Irish pioneers of the handmade house
Self-builders share experiences of creating beautiful homes using local materials
Michael Masterson outside his Longford home. Photograph: Alan Betson
The interior of Michael Masterson’s Longford cottage. Photograph: Alan Betson
Paul and Therese Dillon and children inside their cob house near Nenagh, Co Tipperary. Photograph: Alan Betson
Paul Dillon inside the modern cob house he built near Nenagh, Co Tipperary
James Grace’s home in Co Wicklow. Photograph: James Grace
MICHAEL MASTERSON, Moyne, Co Longford:
For Michael Masterson the shift towards natural building came gradually. “I had been working as a conventional builder since I was 18, but as I was getting older I kept being drawn more and more back to clay.” He decided to rebuild an old cottage in his home village of Moyne, Co Longford, after he had first restored the old dance hall and a haggard beside it.
“I got the cob from the fields around. I put it in as dug, because I saw where an old cottage had been built straight out of the soil around it. That’s how it was always done here: dig it out, trod it well, mix in some straw and throw it up on the wall. No shuttering. I laid it in layers of a foot high and let it dry for two or three days, before trimming it back, then adding another foot.
“For the lintels I used timbers from an old oak tree and on the roof I wanted thatch, but nitrates and phosphates have leached into the estuaries, making Irish thatch grow too fast now. Foreign thatch has double the lifespan of the local stuff, but I couldn’t bring myself to use it.”
So, he got a load of dried reeds from Foynes and spent over a month helping the thatcher, Orla O’Neill, build the roof.
“I live in it the most of the year, but rent it out in July and August on AirBnB so others can enjoy it. It feels so lovely to live in. Mud is a soft material and it’s plastered with clay and dung. All our grandparents knew how to do this stuff. When the sow would be inside pigging, she might root a bit at the wall, and the woman of the house would gather some clay and reeds to patch it up. Nowadays it is all seen as a bit of magic, but it’s just how we’ve always made shelter for ourselves. And it’s great that there are organisations and courses now passing on the old skills.”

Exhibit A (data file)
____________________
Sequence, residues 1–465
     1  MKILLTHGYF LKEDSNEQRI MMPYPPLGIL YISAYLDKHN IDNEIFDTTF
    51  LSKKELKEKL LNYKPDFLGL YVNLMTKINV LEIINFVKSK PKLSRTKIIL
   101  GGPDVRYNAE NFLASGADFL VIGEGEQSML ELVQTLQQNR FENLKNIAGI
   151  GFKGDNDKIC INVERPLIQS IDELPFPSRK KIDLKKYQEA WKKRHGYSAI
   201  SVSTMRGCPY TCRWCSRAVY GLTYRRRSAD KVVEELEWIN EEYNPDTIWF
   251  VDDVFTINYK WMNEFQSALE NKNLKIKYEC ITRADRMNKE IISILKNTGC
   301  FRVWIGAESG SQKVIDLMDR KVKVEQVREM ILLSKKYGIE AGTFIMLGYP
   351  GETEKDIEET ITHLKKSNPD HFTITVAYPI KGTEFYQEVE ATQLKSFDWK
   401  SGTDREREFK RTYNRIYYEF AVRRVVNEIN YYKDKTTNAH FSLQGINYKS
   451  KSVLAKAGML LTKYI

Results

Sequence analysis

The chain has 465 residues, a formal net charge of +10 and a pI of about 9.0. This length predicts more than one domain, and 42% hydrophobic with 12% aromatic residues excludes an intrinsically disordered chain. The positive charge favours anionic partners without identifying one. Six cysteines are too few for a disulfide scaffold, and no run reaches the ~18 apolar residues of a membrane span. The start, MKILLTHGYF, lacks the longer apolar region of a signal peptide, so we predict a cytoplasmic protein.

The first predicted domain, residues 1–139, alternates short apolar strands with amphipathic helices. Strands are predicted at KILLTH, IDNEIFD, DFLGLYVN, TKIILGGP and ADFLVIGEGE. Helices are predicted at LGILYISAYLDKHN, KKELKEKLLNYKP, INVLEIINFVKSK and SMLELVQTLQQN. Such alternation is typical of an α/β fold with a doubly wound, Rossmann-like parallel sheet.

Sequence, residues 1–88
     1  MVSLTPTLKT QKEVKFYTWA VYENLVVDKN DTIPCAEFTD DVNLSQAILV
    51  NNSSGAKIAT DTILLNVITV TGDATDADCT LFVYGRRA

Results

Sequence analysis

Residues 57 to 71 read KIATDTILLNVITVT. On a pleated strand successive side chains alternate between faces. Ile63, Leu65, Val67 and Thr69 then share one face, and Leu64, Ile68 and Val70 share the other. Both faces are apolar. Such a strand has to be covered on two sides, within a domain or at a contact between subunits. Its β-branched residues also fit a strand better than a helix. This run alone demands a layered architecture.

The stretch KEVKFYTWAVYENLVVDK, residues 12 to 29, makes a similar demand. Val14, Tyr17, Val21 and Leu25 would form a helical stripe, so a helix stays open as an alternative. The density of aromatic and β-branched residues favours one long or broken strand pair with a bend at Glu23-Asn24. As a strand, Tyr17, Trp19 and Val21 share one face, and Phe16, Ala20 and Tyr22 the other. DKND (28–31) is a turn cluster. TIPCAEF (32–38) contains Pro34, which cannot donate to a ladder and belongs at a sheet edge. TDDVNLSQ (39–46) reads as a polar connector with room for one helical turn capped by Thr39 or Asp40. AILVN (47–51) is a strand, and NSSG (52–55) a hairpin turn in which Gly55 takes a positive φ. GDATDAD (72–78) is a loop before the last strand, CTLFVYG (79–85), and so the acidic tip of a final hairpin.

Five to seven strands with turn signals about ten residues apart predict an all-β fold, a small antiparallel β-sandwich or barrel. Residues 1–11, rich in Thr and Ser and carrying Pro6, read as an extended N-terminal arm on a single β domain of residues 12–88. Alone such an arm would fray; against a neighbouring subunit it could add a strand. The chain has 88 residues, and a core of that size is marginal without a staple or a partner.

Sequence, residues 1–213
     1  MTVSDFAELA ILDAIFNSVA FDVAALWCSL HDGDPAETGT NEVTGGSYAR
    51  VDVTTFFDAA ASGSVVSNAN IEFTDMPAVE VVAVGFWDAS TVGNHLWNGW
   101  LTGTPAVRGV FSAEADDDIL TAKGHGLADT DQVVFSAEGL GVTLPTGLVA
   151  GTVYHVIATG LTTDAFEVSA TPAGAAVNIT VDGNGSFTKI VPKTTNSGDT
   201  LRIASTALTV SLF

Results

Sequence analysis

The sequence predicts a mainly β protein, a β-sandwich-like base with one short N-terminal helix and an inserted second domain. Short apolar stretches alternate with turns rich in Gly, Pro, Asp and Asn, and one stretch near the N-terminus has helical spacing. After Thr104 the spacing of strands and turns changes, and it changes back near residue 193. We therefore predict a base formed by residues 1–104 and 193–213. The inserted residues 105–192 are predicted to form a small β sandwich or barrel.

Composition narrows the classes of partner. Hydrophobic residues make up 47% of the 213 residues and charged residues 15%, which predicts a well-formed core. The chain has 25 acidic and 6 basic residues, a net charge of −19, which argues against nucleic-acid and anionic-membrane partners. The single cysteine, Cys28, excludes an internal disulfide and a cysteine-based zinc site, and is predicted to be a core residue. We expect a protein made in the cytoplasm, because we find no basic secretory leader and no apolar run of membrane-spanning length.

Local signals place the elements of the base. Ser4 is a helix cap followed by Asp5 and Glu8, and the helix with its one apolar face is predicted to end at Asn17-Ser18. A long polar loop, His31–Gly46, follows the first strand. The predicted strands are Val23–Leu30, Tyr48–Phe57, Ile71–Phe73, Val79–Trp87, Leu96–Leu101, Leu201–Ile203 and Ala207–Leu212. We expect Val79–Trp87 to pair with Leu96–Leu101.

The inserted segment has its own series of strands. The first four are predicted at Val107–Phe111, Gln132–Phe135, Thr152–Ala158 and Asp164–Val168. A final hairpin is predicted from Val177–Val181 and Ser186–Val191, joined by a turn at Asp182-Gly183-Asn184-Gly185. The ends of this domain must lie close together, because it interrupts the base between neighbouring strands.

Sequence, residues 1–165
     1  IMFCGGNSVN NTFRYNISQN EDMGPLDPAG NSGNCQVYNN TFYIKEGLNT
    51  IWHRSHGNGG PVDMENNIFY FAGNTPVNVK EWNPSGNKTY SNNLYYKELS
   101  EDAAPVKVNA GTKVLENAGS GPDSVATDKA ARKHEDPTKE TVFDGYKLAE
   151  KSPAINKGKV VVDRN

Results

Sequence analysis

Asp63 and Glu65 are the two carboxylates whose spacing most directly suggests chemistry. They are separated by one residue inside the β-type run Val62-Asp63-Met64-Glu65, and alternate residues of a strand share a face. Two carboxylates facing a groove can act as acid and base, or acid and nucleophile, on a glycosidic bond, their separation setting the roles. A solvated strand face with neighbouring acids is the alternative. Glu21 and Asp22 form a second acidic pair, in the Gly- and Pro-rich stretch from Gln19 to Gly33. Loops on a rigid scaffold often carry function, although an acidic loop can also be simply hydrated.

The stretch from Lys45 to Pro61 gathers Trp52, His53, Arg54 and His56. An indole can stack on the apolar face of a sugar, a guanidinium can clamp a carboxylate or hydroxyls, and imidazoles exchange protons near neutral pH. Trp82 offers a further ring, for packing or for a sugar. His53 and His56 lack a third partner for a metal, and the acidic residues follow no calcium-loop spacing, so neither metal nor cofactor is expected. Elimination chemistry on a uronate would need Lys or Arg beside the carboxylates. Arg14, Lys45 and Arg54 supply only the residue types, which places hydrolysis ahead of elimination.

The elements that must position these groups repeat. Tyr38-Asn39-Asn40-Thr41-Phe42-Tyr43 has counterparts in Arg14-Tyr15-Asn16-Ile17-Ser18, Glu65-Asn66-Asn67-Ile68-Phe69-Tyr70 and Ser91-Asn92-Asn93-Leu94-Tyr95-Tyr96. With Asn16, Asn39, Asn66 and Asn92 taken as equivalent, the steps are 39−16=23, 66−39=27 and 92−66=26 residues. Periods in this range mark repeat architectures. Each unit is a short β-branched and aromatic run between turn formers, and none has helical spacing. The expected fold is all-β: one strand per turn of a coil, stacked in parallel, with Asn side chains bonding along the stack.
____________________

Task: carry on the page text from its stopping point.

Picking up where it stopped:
PAUL and THERESE DILLON, Nenagh, Co Tipperary
For Therese and Paul Dillon the impetus was to build a home reminiscent “of the little places that felt safe and comfortable as a child. There were certain cottages that I never wanted to leave and that’s the feeling I was looking for”. Paul began by building a tiny mud cottage for €1,000 on family land near Nenagh as a testing ground, before proceeding to build a large 100sq m cob house over the course of several summers. The materials for the walls came directly from the ground beneath him. “I was lucky in that we had good soil on site. We mixed four parts of subsoil to one part sand.” He and Therese trod the soil/sand mix underfoot to soften and blend it, then built it up in wide layers on the wall.
Cob construction (also known as adobe, rammed-earth on mud wall) was common in Ireland until the early 20th century. Yet mud homes developed a reputation for dampness due to poor drainage, inadequate foundations and badly maintained thatch roofs. Things have improved considerably since then. The Dillons’ home has a living grass roof and curvaceous walls of various different cob styles, some with straw flakes, others with straw bales. “Internally, we weaved walls out of willow, which we covered with cob, and we have a cord-wood (small logs stacked on their side) wall, as well.”
Could other people build such a house? “There’s a book titled The Hand-Sculpted House: A Practical and Philosophical Guide to Building a Cob Cottage by Ianto Evans and Linda Smiley. If you follow it word for word you will build yourself a house no matter who you are; whether you have one arm and one leg you’ll manage it . . . but you’ve got to follow exactly what they say.”
And what about planning and cost? “It was definitely cheaper than a conventional house, but not by much. We bought good windows and if you start calculating my own labour the price goes up, but wasn’t much more than €100,000. That’s including planning, etc,” which they got by not emphasising the material in the walls. “Since it’s not visible from the road, the planners weren’t too bothered about us veering away from vernacular designs.”